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10 trendy foods you shouldn’t ignore

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If you’re like us, you may end up dismissing a health food once it’s become trendy or overly marketed.

Who wants to drink kombucha when hipsters are carrying around their homemade brews on every corner? And should acai be in our breakfast bowls if it’s in our spam filters?

It’s easy to forget that many of these faddish foods became must-have munchables because of their actual health benefits.

We tapped the nutrition known-how of Keri Glassman, celeb nutritionist and founder of Nutritious Life, to find out when it’s right to follow the crowd with our shopping carts.

Here are 10 (super) trendy health foods she recommends…

 

 
Chia Seeds

Found in: In bags and snacks at the natural food store, Organic Avenue pudding, a delicious muffin at Le Pain Quotidien, even Dr. Perricone’s Super skin-care line.

Merits: Chia seeds fueled the ancient Aztecs and “are a great source of fiber and are loaded with omega 3 fatty acids,” says Glassman. Because they absorb fluid well, they can naturally thicken smoothies, and they help you feel full longer.

Recommended use: 1 tablespoon a day sprinkled into smoothies, salads or soups.

 

 
Maca Root

Found in: Cinnamon Snail’s vegan food-truck shake, health guru David Wolfe’s kitchen, and in supplements and Gnosis chocolate.

Merits: Maca may help spice up your sex life, but more research is needed on that front, says Glassman, who confirms its other benefits. It’s loaded with “amino acids important for skin and bone health, and sterols, which help control cholesterol levels.” Bonus: Like ginseng, maca raises the body’s ability to ward off disease via natural hormone regulation.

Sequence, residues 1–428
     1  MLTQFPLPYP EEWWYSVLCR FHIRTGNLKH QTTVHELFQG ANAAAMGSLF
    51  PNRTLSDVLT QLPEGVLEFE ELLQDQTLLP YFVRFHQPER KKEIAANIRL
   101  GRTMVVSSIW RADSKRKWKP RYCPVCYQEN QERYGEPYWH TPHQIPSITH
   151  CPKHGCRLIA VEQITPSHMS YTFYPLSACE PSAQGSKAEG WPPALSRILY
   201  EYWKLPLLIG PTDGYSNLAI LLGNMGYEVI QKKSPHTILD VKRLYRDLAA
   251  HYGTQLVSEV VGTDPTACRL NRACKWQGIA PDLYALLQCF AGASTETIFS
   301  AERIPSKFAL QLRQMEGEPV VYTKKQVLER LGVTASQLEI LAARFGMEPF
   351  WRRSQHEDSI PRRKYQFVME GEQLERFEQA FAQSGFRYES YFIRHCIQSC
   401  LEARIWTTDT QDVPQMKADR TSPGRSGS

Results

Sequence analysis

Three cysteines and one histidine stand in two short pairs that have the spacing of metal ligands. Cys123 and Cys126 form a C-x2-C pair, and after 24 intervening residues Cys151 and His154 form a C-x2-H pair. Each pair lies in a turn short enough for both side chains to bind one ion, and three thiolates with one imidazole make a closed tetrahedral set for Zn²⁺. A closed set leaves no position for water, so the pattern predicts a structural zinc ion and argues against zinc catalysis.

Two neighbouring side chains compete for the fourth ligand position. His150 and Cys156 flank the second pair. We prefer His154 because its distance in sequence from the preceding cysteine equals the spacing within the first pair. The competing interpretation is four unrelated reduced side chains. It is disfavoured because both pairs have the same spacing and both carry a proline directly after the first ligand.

Recommended use: 1 tablespoon of the root in ground powder form. Sprinkle over food or add it to tea or smoothies (possibly for the Barry White effect).
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Acai Berries 

Found in: Breakfast bowls at Juice Generation, Sambazon beverages, plus the frozen-food, skin-care, and supplements aisle, and your spam filter.

Merits: Antioxidants are trendy on their own, but the molecules really do protect against daily damage from free radicals, and acai packs a powerful dose. Contrary to some claims, the berries won’t result in miraculous weight loss, warns Glassman. And, she says, “Remember, blueberries are probably just as great.”

Recommended use: Add the fruit to smoothies or cereal, or stir acai powder or concentrate into a glass of water after a workout. Use on your skin help fight sun and free-radical damage.

 

 
Kale

Found in: You can’t escape it! Salads at every healthy restaurant (and City Bakery), at Whole Foods in the form of overpriced chips, and every green juice.

Merits: Glassman calls kale the “green giant” because of its abundant vitamins and minerals. It’s packed with calcium and vitamin K for healthy bones and has a whopping 5 grams of fiber per cup, which is great for digestion. “It also has 45 different flavonoids, potent antioxidants that research has linked to lowering the risk of cancer,” says Glassman.

Recommended use: Get a cup of kale daily. Steam for 5 minutes, drink it up in a juice, or massage in a delish raw salad.

 

 
Hemp Seeds